Nuclear: Greenpeace accuses France of being “under the influence” of Russia

Nuclear: Greenpeace accuses France of being “under the influence” of Russia

Despite the war in ukraineTHE french nuclear remains dependent on Russia. This is what Greenpeace says in a report published this Saturday, two days before the start of the National Assembly’s consideration of a bill aimed at accelerating the construction of new nuclear reactors. The French government for its part refuted this argument, assuring that the country “in no way depends on Russia for the operation of its nuclear power plant”.

In 2022, the year of the invasion of Ukraine by Russia, “nearly half of the natural uranium imported into France came from Kazakhstan and Uzbekistan”, 43% exactly, underlined Greenpeace in its report. However, according to the NGO, “almost all the natural uranium from Kazakhstan, and a considerable part of that from Uzbekistan, pass through the hands (of the Russian civilian nuclear monopoly) Rosatom, which controls the transport of all nuclear materials transiting on Russian soil”, via rail convoys to the port of Saint Petersburg, then cargo ships to France. Routes avoiding Russian territory “do not currently represent real alternatives”, the report adds.

The 99-page text is based on public data (customs, publications from companies, public organizations, NGOs, think tanks and the media).

“Immense dependency”

Natural uranium, extracted from mines, must be enriched to be used as fuel in nuclear power plants. France has a dedicated factory in Tricastin (Drôme), managed by Orano.

Greenpeace had previously described as “scandalous” the continuation of nuclear trade with Russia, a sector which is not targeted by international sanctions, unlike hydrocarbons. The organization had in particular noted that France had received from Russia “a third of the enriched uranium necessary for the operation of French nuclear power plants for one year”, a tripling in 2022 according to it.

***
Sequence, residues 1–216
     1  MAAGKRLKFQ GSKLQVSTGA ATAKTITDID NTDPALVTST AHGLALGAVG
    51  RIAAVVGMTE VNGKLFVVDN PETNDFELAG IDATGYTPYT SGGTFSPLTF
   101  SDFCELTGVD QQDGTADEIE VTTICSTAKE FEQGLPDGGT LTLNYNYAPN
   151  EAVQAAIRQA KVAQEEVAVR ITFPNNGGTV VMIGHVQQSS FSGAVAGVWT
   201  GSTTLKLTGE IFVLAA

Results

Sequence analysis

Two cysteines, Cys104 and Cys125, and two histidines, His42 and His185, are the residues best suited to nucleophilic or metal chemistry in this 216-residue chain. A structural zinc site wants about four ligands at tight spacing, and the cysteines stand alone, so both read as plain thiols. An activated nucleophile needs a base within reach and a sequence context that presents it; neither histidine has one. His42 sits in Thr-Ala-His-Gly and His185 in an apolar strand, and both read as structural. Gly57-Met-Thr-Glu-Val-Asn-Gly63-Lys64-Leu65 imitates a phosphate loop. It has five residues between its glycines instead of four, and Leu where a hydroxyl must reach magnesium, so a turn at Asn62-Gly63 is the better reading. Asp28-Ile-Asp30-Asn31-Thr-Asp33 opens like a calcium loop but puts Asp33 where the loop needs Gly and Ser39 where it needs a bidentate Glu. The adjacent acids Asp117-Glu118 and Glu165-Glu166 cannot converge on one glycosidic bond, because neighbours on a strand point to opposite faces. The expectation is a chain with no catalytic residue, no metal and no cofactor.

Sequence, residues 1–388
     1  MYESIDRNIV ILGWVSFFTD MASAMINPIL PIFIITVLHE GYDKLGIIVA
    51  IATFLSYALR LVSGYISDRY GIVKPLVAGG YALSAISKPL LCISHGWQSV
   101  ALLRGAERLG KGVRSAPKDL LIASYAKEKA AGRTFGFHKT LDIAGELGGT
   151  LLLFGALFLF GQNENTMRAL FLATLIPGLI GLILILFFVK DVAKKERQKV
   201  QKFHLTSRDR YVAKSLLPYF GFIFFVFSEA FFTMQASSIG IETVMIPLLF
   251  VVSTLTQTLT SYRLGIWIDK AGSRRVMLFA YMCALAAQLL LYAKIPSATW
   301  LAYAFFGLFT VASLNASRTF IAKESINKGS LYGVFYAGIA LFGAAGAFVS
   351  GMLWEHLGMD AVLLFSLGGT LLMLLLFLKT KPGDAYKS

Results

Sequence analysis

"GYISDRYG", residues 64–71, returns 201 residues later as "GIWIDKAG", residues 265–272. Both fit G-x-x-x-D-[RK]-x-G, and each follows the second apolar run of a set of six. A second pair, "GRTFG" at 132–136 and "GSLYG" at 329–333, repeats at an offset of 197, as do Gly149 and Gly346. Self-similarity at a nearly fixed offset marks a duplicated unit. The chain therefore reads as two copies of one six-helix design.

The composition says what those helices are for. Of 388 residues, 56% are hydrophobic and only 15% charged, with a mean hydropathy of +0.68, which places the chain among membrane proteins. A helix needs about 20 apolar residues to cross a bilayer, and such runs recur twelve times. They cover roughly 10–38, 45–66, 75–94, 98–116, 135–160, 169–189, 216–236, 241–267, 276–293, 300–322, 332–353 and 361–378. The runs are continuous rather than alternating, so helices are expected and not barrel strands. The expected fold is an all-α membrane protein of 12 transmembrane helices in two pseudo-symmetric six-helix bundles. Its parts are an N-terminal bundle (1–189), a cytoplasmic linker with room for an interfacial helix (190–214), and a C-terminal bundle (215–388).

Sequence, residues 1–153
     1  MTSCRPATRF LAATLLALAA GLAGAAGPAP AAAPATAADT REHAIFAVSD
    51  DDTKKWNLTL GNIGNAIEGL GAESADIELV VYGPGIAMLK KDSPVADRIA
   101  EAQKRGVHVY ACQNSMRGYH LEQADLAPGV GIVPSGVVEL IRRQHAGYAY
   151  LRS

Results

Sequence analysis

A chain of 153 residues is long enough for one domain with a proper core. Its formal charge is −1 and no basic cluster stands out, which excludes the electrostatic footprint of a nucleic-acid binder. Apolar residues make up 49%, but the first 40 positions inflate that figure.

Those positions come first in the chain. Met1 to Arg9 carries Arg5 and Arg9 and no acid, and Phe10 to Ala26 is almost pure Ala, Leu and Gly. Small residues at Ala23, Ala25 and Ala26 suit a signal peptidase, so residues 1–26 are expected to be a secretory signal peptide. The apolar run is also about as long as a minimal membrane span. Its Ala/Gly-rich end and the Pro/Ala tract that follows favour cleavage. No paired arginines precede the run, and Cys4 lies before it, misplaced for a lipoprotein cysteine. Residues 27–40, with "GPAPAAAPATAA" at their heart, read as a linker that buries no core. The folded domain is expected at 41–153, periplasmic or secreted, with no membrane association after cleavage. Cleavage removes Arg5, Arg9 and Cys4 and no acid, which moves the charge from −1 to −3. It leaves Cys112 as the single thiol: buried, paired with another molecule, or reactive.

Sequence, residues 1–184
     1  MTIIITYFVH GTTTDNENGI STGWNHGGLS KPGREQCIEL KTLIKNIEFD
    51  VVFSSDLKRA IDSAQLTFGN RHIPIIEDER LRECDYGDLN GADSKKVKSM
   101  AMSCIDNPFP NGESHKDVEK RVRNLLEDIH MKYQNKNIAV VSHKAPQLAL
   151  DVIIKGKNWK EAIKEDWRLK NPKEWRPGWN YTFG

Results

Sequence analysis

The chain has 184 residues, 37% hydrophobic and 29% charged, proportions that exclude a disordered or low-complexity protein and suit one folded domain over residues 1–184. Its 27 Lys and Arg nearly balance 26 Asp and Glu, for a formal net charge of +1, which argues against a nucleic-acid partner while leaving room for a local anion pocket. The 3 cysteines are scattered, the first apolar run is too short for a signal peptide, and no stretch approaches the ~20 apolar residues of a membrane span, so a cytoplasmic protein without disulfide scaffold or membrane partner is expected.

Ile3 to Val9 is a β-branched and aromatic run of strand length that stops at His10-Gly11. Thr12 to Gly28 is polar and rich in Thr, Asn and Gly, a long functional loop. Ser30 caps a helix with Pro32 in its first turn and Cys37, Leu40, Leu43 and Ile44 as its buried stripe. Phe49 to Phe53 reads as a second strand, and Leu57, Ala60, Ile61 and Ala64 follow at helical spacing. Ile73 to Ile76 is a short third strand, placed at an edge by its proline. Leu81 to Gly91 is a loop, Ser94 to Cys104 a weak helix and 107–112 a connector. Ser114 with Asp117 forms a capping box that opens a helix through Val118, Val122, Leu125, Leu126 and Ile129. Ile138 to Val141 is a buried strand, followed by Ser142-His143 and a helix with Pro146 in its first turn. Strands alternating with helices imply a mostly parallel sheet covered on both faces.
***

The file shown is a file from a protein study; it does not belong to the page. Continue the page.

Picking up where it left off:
“Still in 2022, all French exports of reprocessed uranium (URT) were sent to Russia, and all imports of re-enriched uranium (URE) in France came from Russia”, according to the same source. “Contrary to what the defenders of the atom assert, the dependence of the French nuclear sector on the Russian authorities is immense, which could explain why France continues to actively oppose the sanctions against Rosatom at the European level”, has said Greenpeace this Saturday.

“We are not dependent on any country”, says EDF

But according to the cabinet of the Minister for Energy Transition Agnès Pannier-Runacher, France “does not supply itself to Russia for its supply of natural uranium or the preparation of fuel, as is wrongly implied by Greenpeace. It is a difference that our country has with some of its European neighbours”.

“With regard to the sanctions against Russia, the French position on this subject is constant: the sanctions must have an impact on the economy of the targeted country. Sanctions on the nuclear industry would have a modest impact on Russia,” according to the same source. “Conversely, the termination of the last remaining contracts relating to the reprocessing of fuels would generate more advantageous compensation for Russia than their continuation at a minimum”, pleaded the firm.

For its part, EDF said “maximizes (r) the diversification of its geographical sources and its suppliers” of nuclear fuel: “We are not dependent on any site, any company or any country. EDF, which opposes the “confidential nature” of the details of its supplies, “strictly applies all international sanctions and/or restrictions linked to the failure to obtain the required administrative authorizations, while respecting the contractual commitments made”, said added the company.

The latter underlined that it had “purchased no natural uranium extracted from Russian mines, nor natural uranium conversion services in Russia in 2022”, nor “increased its share of enrichment of its non-Russian natural uranium carried out in Russia in 2022 compared to 2021”.

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